1. Begin with your feet significantly wider than shoulder-width apart. They should be pointed about 45-degrees outwards, and your shins should almost be touching the bar.
2. Engaging your core and glutes, bend over while keeping your spine neutrally aligned (straight). Bending your knees and hinging your hips should be where the bending over comes from.
3. Grip the bar overhand, with your thumbs around the bar (or whatever grip you choose), at shoulder-width apart. Your arms should be going straight down when they hold onto the bar.
4. Remember to keep your shins as vertical as possible, with your knees pointing in the same direction as your toes. Your knees pointing in the same direction as your toes should be maintained throughout the entirety of the lift.
5. Lift your chest up so your back remains straight, and keep your core engaged along with your lats. Maintain the straightness of your spine and the engagement of your core and lats through the lift.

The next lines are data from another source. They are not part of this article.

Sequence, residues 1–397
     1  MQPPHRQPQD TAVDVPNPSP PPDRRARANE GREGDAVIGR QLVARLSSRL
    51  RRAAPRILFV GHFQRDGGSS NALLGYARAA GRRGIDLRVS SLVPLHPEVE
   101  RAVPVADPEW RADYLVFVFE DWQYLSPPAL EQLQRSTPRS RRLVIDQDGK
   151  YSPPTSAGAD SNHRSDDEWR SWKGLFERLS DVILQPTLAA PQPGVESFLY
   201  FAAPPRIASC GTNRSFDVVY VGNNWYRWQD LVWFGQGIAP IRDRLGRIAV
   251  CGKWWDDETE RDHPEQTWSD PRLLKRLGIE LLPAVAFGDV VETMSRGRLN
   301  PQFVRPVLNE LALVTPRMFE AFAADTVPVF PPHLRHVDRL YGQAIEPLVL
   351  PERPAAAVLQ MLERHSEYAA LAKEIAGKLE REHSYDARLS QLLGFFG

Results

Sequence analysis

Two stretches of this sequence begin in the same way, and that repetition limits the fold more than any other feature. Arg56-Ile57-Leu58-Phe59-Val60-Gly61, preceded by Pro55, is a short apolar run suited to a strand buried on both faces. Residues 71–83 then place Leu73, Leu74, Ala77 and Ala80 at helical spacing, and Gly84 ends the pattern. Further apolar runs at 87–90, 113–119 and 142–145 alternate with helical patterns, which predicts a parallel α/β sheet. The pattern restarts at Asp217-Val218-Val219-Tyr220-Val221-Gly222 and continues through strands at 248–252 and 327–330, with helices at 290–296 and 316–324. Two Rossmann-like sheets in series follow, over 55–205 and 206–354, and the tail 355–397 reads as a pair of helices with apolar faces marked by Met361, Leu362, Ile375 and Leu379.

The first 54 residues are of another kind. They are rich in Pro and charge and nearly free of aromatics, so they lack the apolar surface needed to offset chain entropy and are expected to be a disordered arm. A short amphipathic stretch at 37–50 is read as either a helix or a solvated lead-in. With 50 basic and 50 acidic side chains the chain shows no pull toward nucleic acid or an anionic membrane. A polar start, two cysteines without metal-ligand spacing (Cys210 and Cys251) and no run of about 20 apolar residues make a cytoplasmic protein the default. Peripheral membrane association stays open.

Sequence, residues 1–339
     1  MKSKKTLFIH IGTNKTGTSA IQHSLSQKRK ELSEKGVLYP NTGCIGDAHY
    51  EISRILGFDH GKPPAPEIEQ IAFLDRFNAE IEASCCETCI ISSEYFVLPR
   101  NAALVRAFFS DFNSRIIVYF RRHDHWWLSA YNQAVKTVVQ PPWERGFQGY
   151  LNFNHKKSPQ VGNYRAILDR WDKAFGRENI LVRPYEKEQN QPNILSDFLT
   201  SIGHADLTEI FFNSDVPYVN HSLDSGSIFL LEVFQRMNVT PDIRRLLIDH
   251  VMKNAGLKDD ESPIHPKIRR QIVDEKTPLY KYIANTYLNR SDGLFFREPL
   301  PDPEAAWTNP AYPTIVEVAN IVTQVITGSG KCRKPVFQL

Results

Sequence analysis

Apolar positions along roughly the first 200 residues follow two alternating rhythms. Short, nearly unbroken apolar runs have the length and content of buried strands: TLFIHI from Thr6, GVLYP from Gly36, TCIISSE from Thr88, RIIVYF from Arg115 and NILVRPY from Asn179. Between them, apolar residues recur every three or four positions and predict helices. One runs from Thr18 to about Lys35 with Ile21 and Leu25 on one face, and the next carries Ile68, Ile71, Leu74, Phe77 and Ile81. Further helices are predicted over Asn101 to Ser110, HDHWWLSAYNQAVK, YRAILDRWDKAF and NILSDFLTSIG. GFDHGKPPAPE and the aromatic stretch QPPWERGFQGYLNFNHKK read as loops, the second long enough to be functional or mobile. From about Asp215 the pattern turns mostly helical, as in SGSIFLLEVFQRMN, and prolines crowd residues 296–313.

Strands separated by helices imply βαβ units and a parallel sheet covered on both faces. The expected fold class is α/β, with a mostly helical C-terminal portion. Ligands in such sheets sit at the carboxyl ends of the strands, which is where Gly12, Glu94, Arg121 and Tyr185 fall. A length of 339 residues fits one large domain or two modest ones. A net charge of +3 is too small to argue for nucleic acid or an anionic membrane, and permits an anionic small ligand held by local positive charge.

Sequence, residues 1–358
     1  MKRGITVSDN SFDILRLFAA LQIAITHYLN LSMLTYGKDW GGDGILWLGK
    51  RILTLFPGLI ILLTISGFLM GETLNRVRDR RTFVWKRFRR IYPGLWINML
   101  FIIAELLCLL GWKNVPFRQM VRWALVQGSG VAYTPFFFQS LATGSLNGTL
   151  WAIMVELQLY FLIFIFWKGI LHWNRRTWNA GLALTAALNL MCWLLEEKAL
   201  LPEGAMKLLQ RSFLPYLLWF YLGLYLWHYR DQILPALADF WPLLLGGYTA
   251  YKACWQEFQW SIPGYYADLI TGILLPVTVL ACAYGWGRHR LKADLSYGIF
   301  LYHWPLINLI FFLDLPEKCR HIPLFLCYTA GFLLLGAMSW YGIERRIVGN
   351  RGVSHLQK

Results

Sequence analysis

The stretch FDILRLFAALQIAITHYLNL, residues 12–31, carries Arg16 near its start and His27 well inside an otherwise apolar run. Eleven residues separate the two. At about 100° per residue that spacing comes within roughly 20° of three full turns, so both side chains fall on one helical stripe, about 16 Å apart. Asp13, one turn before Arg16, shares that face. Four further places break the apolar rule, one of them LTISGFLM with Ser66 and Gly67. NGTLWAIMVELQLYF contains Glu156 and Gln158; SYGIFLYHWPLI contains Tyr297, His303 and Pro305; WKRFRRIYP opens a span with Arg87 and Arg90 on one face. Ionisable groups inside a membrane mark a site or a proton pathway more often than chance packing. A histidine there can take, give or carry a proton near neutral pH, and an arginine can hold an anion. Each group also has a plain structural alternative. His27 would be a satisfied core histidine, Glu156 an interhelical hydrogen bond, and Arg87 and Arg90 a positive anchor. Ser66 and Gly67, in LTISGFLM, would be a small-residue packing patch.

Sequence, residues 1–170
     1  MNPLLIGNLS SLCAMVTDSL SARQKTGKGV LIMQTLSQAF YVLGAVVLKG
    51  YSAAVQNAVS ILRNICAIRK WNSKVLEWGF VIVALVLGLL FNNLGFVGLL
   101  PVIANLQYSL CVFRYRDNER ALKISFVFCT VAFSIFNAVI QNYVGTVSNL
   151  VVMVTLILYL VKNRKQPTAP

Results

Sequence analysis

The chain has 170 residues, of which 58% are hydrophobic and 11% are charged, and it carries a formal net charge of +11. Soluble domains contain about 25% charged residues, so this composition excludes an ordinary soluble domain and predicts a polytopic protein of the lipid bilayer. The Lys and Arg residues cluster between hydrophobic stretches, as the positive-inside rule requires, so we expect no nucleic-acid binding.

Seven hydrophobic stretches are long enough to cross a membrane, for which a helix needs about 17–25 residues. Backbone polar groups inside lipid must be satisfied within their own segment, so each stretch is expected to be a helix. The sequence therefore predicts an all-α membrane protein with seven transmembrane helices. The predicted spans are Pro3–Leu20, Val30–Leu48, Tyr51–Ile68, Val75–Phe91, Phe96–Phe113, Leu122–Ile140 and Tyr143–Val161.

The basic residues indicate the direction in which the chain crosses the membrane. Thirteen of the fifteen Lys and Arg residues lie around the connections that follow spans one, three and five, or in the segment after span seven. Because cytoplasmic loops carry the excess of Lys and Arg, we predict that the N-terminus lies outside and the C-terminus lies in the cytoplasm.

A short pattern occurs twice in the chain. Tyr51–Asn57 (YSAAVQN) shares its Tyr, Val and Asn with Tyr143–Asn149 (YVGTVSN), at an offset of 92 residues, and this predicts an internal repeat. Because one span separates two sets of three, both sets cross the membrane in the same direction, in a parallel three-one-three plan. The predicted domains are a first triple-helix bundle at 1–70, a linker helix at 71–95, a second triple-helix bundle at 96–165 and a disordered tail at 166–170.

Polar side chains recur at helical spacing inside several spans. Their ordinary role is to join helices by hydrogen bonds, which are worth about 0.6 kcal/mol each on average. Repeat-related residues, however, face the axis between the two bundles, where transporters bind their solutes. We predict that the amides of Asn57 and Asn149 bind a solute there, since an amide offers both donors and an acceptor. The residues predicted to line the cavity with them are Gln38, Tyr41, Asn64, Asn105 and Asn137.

6. Taking a deep breath, initiate the pull by pushing through your feet and extending your knees and hips. This movement should be explosive, and keep it going until you’re standing upright. The bar should be remaining in close contact with your legs.
7. Once the bar passes your knees, squeeze your glutes and lockout at the top.
8. Reverse the movement in a controlled manner, first breaking the hips and then the knees to come back to the starting position.
9. Repeat for the desired amount of reps.
The above will put you on the right path, but there are several details to keep in mind as well. Remember—this is a more technical lift than the conventional deadlift, so more complexity is a given. And since you’ll most likely be lifting even more with the sumo deadlift, it’s best to have perfect form in order to avoid injury. There are a number of form tips to keep in mind as you go through the movement.
Numero uno on our “things to keep in mind” list is where the feet are at. That mostly comes down to foot positioning.
Once again, keep your knees pointed in the direction of your toes, but also bring them out to where your ankles are at. Everyone will have a different ability when it comes to the sumo deadlift stance. It depends on your range of motion primarily, but it’s also important to remember that geared lifters will most likely be able to adopt a wider stance.